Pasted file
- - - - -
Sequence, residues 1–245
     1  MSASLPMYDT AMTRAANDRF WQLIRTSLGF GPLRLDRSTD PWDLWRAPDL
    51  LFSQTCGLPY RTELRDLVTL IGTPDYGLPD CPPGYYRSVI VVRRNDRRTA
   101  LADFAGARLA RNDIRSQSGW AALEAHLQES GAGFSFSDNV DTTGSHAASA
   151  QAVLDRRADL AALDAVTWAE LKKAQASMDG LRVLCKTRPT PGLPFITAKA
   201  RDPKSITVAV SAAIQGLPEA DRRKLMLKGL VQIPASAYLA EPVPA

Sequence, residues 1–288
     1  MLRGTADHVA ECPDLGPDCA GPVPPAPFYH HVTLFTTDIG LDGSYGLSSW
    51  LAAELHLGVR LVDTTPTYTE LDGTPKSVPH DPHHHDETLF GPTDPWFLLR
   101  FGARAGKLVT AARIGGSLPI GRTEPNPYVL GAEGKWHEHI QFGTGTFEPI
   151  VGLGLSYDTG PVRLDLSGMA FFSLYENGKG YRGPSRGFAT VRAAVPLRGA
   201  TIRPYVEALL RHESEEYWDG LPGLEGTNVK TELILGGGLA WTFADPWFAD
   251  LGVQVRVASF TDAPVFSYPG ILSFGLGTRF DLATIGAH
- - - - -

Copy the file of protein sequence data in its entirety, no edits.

Sequence, residues 1–245
     1  MSASLPMYDT AMTRAANDRF WQLIRTSLGF GPLRLDRSTD PWDLWRAPDL
    51  LFSQTCGLPY RTELRDLVTL IGTPDYGLPD CPPGYYRSVI VVRRNDRRTA
   101  LADFAGARLA RNDIRSQSGW AALEAHLQES GAGFSFSDNV DTTGSHAASA
   151  QAVLDRRADL AALDAVTWAE LKKAQASMDG LRVLCKTRPT PGLPFITAKA
   201  RDPKSITVAV SAAIQGLPEA DRRKLMLKGL VQIPASAYLA EPVPA

Sequence, residues 1–288
     1  MLRGTADHVA ECPDLGPDCA GPVPPAPFYH HVTLFTTDIG LDGSYGLSSW
    51  LAAELHLGVR LVDTTPTYTE LDGTPKSVPH DPHHHDETLF GPTDPWFLLR
   101  FGARAGKLVT AARIGGSLPI GRTEPNPYVL GAEGKWHEHI QFGTGTFEPI
   151  VGLGLSYDTG PVRLDLSGMA FFSLYENGKG YRGPSRGFAT VRAAVPLRGA
   201  TIRPYVEALL RHESEEYWDG LPGLEGTNVK TELILGGGLA WTFADPWFAD
   251  LGVQVRVASF TDAPVFSYPG ILSFGLGTRF DLATIGAH